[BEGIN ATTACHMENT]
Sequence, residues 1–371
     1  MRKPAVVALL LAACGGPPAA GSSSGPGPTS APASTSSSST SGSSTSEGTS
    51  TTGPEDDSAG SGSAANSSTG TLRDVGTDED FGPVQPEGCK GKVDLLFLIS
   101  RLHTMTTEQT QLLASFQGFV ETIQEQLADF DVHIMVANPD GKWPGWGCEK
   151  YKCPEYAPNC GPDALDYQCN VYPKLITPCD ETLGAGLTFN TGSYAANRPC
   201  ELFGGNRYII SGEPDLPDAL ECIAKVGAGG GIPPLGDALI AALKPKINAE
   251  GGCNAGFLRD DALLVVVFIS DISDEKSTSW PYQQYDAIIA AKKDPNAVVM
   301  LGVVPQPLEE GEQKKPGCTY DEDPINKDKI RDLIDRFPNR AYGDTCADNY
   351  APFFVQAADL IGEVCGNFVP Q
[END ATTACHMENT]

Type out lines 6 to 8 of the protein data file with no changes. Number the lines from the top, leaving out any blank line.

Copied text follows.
   201  ELFGGNRYII SGEPDLPDAL ECIAKVGAGG GIPPLGDALI AALKPKINAE
   251  GGCNAGFLRD DALLVVVFIS DISDEKSTSW PYQQYDAIIA AKKDPNAVVM
   301  LGVVPQPLEE GEQKKPGCTY DEDPINKDKI RDLIDRFPNR AYGDTCADNY